Well, microwave it, of course! I prepare my artichokes as I would for normal steaming by cutting the tips off the outer leaves, and actually taking about an inch off the top to make a nice presentation. I removed the stem to cook in the water. Then they’re ready for their quick trip in the microwave, followed by the refreshing cold of the refrigerator, and waiting to be presented at the dinner table with some nice herb dipping sauce.

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Wedge Crab Salad with Louis Dressing

Wedge Crab Salad with Louis DressingRecipes in this Post

When I was a little girl, wedge salads were all the rage. I hated them because I couldn’t figure out how to eat it. Luckily for me, they came back, and I love them.

I did a big shop on Friday, and almost forgot to get something for dinner, so I picked up some crab and some asparagus. I’m not sure what I was thinking, but when the produce truck that comes to my neighborhood honked his horn, I ran out and got a nice head of iceberg lettuce to make my wedge crab salad with Louis dressing.

People confuse Louis dressing with Thousand Island and Russian dressing. It’s actually completely different, and done well, quite tasty.

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Coleslaw with Microwave Boiled Dressing

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To Boil or Not to Boil

The good thing about boiled dressing and cabbage is that once the hot dressing hits the cabbage, it immediately wilts it. That’s a good thing if you sometimes don’t want your coleslaw to feel like eating tasty tree trunks. The other good thing about a boiled dressing is that the coleslaw has to refrigerate to get to serving temperature, and while it’s doing that it’s absorbing all that flavor.

Coleslaw made with mayonnaise dressing is great, too, especially if you have other vegetables like carrots, or fruit, like raisins or pineapple in it. Then you don’t want to necessarily use a hot dressing. The hot dressing is also a lot richer than its cold brethren.

Too Hot to Boil Anything!

Considering it’s a holiday, I wanted to have the richness, but I also didn’t feel like standing over a hot stove. Well, I came up with a solution. The Microwave is my friend, and your coleslaw’s friend, too. Boiled Dressing without the fuss!

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Apple Streusel Microwave Mayonnaise Coffee Cake

Apple Streusel Microwave Mayonnaise Coffee CakeRecipes in this Post

Too Hot to Handle!

It’s the middle of July here in Glendale, California, and it was 88 degrees in my house. My house is pretty cool because I face north, and there is a nice awning over the windows, so it doesn’t get that hot inside. Our kitchen has the stove tucked in a corner, with no ventilation except the regular fan. The heat does not dissipate, and once the oven is turned on, it stays hot in there for hours. That’s great in the winter, but not when it’s 92 outside. What do you do when you want to have cake and it’s just to darned hot? You use the microwave.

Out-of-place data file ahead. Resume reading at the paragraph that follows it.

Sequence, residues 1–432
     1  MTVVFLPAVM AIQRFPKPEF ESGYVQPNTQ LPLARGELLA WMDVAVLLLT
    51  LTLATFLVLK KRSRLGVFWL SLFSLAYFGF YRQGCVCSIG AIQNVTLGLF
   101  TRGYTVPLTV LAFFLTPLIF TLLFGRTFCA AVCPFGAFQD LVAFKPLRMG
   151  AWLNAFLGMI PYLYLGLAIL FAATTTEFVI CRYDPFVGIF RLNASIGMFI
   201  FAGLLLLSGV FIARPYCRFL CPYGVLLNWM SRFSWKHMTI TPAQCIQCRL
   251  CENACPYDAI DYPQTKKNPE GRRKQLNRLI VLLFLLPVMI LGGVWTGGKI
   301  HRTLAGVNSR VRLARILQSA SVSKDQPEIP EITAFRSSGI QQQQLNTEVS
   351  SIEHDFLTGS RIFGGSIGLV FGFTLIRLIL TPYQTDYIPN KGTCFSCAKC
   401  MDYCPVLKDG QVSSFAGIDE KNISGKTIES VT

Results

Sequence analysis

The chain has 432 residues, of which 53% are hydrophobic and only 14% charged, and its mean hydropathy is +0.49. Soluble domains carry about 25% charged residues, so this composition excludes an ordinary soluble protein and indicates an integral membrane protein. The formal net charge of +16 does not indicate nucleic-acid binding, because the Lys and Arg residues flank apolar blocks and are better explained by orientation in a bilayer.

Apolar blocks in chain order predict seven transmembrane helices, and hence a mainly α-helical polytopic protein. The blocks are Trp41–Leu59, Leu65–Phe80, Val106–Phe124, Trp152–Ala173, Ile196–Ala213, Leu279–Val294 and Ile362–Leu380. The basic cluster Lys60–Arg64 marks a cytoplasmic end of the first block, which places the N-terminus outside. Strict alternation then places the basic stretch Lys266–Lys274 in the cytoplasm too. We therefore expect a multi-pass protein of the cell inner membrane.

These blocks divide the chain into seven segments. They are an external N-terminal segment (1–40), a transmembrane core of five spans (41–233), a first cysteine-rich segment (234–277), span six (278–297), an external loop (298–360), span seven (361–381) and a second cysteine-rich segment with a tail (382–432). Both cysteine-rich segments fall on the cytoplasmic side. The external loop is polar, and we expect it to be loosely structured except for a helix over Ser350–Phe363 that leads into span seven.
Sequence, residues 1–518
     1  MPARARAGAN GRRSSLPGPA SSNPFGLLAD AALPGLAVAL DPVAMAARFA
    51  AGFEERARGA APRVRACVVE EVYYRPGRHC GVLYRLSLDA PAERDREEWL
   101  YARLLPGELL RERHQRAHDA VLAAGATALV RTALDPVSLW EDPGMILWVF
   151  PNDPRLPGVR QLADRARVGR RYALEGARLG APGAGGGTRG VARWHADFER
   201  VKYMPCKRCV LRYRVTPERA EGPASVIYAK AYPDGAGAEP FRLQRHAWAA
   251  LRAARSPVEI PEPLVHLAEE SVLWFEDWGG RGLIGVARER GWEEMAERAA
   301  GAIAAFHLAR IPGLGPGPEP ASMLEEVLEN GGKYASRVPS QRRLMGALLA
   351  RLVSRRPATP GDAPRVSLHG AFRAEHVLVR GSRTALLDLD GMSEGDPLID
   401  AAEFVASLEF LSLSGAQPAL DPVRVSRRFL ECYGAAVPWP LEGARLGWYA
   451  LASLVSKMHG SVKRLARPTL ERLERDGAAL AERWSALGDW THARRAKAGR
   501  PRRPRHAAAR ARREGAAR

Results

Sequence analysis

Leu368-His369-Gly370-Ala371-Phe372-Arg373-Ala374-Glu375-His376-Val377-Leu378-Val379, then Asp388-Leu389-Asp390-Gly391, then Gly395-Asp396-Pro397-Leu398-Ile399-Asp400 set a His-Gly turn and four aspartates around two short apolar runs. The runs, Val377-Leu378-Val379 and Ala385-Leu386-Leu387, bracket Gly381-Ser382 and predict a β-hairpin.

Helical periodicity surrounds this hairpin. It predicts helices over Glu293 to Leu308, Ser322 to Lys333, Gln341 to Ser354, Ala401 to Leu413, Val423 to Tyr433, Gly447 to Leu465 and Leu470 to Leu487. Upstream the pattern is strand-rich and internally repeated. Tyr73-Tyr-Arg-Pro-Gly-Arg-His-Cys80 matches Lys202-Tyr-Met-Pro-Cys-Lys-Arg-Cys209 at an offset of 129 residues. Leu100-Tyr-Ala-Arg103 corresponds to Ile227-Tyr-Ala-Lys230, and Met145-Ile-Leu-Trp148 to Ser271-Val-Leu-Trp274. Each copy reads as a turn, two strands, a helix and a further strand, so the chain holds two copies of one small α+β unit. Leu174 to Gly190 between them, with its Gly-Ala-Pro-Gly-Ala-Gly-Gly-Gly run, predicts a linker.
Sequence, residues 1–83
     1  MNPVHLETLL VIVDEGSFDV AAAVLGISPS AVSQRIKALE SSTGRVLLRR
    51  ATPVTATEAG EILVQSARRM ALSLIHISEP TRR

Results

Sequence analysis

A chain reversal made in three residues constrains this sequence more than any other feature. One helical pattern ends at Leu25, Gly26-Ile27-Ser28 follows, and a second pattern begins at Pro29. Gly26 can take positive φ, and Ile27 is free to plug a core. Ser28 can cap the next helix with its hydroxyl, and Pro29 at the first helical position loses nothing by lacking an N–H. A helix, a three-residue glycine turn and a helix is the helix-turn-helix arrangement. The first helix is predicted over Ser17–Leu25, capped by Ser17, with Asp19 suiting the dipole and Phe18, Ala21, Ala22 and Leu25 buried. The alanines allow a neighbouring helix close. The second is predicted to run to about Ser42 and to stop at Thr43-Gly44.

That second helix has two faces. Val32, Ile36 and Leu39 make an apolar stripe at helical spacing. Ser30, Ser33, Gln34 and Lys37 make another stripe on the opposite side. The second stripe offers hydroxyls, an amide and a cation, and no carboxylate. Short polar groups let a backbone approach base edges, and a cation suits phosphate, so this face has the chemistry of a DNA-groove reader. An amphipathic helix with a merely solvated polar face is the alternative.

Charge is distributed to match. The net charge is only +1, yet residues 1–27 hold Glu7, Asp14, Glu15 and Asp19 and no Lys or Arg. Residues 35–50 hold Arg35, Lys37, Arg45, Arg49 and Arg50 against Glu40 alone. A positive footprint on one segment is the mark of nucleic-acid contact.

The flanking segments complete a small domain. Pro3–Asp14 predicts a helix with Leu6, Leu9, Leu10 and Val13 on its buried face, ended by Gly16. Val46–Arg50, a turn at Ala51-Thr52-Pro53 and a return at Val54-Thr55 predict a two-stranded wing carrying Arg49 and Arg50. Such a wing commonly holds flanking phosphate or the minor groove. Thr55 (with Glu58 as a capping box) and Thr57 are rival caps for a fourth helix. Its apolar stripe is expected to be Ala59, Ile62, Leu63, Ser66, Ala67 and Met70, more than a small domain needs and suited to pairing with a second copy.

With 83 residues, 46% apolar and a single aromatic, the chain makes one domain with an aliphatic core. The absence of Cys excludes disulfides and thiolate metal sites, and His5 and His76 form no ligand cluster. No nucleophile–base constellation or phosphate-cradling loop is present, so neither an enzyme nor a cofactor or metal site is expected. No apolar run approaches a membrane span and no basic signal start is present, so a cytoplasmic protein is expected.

This was my first time baking in the microwave, too, but armed with toothpicks, I was able to tell right away when the cake was finished. The texture is not quite the same as a regular cake, it is very dense, but actually quite good.

Mayonnaise is your Friend

I know you think that sounds yucky to put mayonnaise in a cake, but it truly keeps it nice and moist, after all, when you look up the ingredients in your head, you will see that it is mostly eggs and oil, both of which make cakes moist. Egg whites also bring airiness to the table. So, it’s a good thing.

This is my first mayonnaise cake. I looked around for recipes, and they all had chocolate, but I wanted coffee cake, and the landlord gave me apples from his tree, so chocolate was out. I followed standard recipes, omitting the chocolate, and it turned out just fine.

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Summer Bean Salad with Lemon Mayonnaise

Recipes in this Post

Hellman’s Mayonnaise in California

Hellman's in California with and Bestfoods MayonnaiseWhat!!!!! What did you say? Hellman’s Mayonnaise in California? Well, actually, no it was Hellman’s Sandwich Spread in Glendale, California.

Spane and I were at the 99 Cents Only store on our way to visit Alexandria’s Archives‘s President, and stopped at the store to get a Danish or something, and I spied these jars of Hellman’s. I was amazed, and then found a jar of Bestfoods next to it. I couldn’t help take a picture, considering that I will probably never see the two brands together in the same place, unless I take it upon myself to start rock climbing or something. Don’t get your hopes up, folks, this was a jar of Hellman’s that will expire in August, 2014, just a few weeks after this post. So, no, we won’t be buying that.

I have to say I was flabbergasted when I found Hellman’s in Glendale. I told Spane that the jar was very, very far from home. Hellman’s is typically not sold west of the Rocky Mountains, where Best Foods is sold. The ingredients on both are the same, while some people prefer Best Foods because it is perceived to have a more tangy flavor, more vinegar. Wikipedia has an interesting article about the history of the popular condiment.

Mayonnaise is a great starter for sauces, including my Summer Bean Salad with Lemon Mayonnaise. It also has a host of other uses, but we will talk about those another day.